— The Voyage of the Aurora • Harry Collingwood

... her night gear, tied under her chin with broad, stiff strings. In this she appeared to her host as far more hideous than when wearing her sun-bonnet. Mr Brandon had arranged that two servants should wait upon the table, so that one of them should always be in the room, but in his supposition that the presence of a third person would have any effect upon the expression of Mrs Keswick's fond regard, he was mistaken. The meal had scarcely begun, when she looked around the room with wide-open eyes, and exclaimed: "Robert, if we should conclude to remain here, I think we will have this ...
— The Late Mrs. Null • Frank Richard Stockton

... Volta, Jeremiah O'Donovan Rossa, Don Philip O'Sullivan Beare. A couched spear of acuminated granite rested by him while at his feet reposed a savage animal of the canine tribe whose stertorous gasps announced that he was sunk in uneasy slumber, a supposition confirmed by hoarse growls and spasmodic movements which his master repressed from time to time by tranquilising blows of a mighty cudgel rudely fashioned out of ...
— Ulysses • James Joyce

... conclusive, except on the supposition that Gibson was a malicious and infamous liar. The men who argue that the speech was fictitious are also obliged to explain what motive there could possibly have been for the deception; they accordingly advance the theory that it was part of Dunmore's (imaginary) treacherous conduct, as he ...
— The Winning of the West, Volume One - From the Alleghanies to the Mississippi, 1769-1776 • Theodore Roosevelt

... seem to make the individual too subservient to society. But this is to forget the other side of the original supposition. Society consists wholly of persons. It has no distinct personality separate from and superior to those of its members. It has, indeed, a certain collective life and character. The British nation is a unity ...
— Liberalism • L. T. Hobhouse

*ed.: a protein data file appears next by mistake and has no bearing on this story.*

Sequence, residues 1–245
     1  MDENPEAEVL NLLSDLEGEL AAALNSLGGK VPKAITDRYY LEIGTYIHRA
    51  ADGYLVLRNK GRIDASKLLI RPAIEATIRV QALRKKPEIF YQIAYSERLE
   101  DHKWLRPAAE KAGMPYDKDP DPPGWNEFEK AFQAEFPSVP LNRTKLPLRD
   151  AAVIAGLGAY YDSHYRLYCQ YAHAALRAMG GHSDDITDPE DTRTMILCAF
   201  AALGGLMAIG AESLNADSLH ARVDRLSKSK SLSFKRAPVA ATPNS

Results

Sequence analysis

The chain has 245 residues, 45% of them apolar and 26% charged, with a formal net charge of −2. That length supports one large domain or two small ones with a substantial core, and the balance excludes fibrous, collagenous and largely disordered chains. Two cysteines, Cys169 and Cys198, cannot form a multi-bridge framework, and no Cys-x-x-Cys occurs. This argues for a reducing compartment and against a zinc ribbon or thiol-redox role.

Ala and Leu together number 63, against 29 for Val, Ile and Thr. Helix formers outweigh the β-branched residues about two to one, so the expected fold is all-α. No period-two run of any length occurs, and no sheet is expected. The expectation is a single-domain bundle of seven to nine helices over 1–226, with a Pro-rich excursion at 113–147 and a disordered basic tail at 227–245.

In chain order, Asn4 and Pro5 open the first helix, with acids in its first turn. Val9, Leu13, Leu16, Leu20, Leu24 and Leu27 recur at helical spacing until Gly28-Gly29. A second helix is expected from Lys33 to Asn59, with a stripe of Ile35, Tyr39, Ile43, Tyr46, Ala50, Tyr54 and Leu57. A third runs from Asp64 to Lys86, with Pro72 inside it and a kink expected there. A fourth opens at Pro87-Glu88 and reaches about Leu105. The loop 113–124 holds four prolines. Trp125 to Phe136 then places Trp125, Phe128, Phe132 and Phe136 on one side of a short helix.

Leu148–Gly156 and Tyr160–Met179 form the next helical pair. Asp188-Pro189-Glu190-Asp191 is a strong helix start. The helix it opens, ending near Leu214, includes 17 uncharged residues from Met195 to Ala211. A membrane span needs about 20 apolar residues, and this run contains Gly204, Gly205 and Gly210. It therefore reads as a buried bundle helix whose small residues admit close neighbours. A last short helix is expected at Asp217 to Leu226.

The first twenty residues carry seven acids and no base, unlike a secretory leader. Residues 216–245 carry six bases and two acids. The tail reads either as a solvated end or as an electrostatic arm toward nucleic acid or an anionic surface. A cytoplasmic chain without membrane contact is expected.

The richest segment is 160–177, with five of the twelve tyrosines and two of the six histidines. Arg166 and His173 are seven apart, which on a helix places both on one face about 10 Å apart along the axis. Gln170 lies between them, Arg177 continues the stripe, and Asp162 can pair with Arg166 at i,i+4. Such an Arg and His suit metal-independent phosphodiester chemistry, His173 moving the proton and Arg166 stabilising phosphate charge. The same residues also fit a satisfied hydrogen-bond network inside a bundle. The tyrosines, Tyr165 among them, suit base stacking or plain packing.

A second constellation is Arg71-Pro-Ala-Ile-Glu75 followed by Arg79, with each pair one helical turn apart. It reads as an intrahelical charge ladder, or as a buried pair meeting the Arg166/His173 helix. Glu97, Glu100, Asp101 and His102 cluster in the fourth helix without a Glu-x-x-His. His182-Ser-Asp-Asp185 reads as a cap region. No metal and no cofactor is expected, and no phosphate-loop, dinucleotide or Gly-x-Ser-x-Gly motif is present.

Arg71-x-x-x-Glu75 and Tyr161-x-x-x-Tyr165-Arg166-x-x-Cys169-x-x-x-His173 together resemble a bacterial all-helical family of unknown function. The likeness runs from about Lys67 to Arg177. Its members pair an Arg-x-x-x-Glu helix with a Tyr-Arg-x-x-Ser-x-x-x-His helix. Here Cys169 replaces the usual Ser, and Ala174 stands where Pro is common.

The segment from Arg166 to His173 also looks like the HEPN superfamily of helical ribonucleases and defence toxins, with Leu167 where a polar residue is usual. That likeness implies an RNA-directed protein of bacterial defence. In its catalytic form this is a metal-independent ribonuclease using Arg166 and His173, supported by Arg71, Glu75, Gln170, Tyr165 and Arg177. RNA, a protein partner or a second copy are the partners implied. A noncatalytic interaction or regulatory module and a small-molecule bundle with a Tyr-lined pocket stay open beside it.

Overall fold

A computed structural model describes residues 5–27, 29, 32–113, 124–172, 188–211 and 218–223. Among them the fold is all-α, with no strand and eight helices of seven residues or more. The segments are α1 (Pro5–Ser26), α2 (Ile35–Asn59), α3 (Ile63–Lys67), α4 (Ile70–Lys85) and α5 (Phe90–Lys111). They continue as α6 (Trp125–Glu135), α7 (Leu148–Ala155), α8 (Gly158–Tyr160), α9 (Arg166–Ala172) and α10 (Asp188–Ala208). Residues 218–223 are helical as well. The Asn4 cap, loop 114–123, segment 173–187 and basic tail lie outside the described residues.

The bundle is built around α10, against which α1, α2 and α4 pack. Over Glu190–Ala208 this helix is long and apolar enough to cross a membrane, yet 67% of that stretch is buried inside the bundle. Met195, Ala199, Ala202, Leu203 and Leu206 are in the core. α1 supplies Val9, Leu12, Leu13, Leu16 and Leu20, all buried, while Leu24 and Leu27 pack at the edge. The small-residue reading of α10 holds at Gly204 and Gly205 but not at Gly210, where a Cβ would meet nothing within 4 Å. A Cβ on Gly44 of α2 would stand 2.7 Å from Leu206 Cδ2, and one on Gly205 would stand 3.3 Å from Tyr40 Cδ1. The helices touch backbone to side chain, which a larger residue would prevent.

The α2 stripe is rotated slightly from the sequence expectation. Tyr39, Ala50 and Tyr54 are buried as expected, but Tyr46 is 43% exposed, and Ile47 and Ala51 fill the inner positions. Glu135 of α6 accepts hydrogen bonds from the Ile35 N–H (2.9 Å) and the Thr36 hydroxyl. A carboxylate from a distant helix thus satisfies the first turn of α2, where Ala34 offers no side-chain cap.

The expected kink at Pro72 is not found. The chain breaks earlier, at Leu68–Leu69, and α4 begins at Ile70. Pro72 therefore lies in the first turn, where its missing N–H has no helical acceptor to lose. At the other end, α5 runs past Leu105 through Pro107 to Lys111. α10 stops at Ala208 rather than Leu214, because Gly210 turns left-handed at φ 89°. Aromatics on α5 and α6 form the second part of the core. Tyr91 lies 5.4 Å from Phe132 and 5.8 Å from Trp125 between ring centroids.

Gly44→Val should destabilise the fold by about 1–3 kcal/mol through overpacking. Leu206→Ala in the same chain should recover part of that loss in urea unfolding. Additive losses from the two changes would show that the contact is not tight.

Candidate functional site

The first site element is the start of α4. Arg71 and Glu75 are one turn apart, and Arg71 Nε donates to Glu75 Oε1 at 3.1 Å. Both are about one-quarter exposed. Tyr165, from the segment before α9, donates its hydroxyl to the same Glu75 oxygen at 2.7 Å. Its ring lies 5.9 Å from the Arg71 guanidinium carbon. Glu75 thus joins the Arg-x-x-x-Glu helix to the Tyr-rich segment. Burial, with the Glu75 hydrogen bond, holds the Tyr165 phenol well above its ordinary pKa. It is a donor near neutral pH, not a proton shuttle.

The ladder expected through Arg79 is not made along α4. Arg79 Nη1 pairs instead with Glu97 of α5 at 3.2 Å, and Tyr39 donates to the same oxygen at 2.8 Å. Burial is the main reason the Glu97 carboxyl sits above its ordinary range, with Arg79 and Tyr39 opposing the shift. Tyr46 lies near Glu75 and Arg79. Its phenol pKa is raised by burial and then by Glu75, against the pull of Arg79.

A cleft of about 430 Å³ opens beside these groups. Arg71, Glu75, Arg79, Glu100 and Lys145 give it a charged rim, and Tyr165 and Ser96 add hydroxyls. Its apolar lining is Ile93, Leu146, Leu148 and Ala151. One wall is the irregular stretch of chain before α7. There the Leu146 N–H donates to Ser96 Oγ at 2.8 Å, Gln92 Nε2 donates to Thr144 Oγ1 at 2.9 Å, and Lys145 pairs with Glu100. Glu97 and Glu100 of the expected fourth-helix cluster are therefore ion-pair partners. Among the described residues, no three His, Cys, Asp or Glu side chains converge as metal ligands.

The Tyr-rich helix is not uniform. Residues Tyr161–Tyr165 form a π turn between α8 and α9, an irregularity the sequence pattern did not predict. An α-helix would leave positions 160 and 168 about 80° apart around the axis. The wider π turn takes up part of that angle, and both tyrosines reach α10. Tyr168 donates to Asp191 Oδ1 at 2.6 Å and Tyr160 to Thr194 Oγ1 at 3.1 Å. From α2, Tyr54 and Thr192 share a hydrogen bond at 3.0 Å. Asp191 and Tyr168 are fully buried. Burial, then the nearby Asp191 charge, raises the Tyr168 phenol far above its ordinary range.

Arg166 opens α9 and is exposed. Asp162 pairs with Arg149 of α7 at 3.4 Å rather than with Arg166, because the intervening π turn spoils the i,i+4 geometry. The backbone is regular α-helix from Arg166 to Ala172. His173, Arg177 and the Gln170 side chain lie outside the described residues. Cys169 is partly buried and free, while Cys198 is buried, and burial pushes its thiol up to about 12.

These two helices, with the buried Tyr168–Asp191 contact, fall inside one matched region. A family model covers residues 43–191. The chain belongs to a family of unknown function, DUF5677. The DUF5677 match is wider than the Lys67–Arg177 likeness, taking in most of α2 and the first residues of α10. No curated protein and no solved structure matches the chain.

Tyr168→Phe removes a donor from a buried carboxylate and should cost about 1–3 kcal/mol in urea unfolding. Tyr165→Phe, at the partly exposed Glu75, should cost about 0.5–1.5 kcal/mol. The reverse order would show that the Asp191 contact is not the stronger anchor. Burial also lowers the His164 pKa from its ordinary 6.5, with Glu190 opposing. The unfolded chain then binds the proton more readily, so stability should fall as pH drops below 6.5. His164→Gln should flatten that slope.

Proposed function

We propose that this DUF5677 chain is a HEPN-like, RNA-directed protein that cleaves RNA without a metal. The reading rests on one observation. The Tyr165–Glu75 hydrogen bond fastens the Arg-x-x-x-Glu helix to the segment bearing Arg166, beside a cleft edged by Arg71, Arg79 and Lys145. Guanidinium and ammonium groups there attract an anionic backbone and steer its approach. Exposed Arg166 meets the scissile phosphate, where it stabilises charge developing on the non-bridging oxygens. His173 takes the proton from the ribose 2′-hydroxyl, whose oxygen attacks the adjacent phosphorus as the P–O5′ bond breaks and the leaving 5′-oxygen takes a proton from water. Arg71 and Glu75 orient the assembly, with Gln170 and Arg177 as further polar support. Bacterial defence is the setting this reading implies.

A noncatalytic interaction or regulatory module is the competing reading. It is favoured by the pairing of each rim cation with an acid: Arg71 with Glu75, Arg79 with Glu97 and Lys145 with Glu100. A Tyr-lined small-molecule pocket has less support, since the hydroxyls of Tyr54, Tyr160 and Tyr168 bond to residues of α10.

... agreeably to the efforts then making by Simon Sturtevant and John Ravenzon, Esqrs., to adapt it by baking for such a purpose. The same grant, in omitting to mention coal amongst certain other productions which "no person or persons were to take or carry out of the said Forest," leads to the supposition that coal was then exported or carried into the adjacent country, and that it was found desirable for this to continue. Coal was included in Charles I.'s sale of the Forest timber, iron, stone, &c., to Sir John Winter, who some years afterwards is described by Evelyn as interested in ...
— The Forest of Dean - An Historical and Descriptive Account • H. G. Nicholls

... must have been communicated to you, and their consequences must be too obvious to render it necessary for me to point them out. What effect they may have upon my situation and that of my friends, it is impossible to say; but the supposition of a probability that they may tend to our being intrusted with the Administration will not suffer me to conceal the wish I should in that case most anxiously entertain for your Excellency's continuance in the Government of Ireland. As Mr. Townshend's friendship ...
— Memoirs of the Courts and Cabinets of George the Third - From the Original Family Documents, Volume 1 (of 2) • The Duke of Buckingham and Chandos

... petticoat, to ask what questions you please. But when you are out of your canonicals, the case is altered. How come you, sir, to suppose that I have any business with this riotous proceeding, or should know more than you do what happened there? the question proceeds on an uncivil supposition.' ...
— Redgauntlet • Sir Walter Scott

... proposing to do for them, then they have no right to be included in the submerged tenth. I would congratulate them on their success and turn my attention to those who are more in need of our services. But could any one seriously defend such a supposition? And if they are likely to be bettered by the new arrangements, why should we suppose that they should be so blind to their own interests as to refuse to profit by the new chance? Besides, this is contradicted by all experience. Let ...
— Darkest India - A Supplement to General Booth's "In Darkest England, and the Way Out" • Commissioner Booth-Tucker

... of her young husband's could possibly have brought about. Think only of what we do know of this imperfect story! Conceive that it should have been possible for the Algernon Palliser of those days to know and understand it to the full; indulge the supposition, however strained it may be, that his so knowing it would not have placed him in a felon's dock for the prompt and righteous murder of the betrayer—we take the first convenient name—of the woman he loved. ...
— Somehow Good • William de Morgan

... you're going ahead pretty fast. You don't realize, Juve, the seriousness of the supposition you formulate so freely.... You must know whether it's murder or suicide! Of course! Of course!... but you are too precise.... A King a murderer ... that isn't possible. There would be terrible diplomatic complications.... ...
— A Royal Prisoner • Pierre Souvestre

... report, he was instantly struck with the idea that he had on board his vessel one whose coming and going, like that of kings, was accompanied with salutes of artillery. This made him less uneasy, it must be owned, than if the new-comer had proved to be a customs officer; but this supposition also disappeared like the first, when he beheld the perfect ...
— The Count of Monte Cristo • Alexandre Dumas, Pere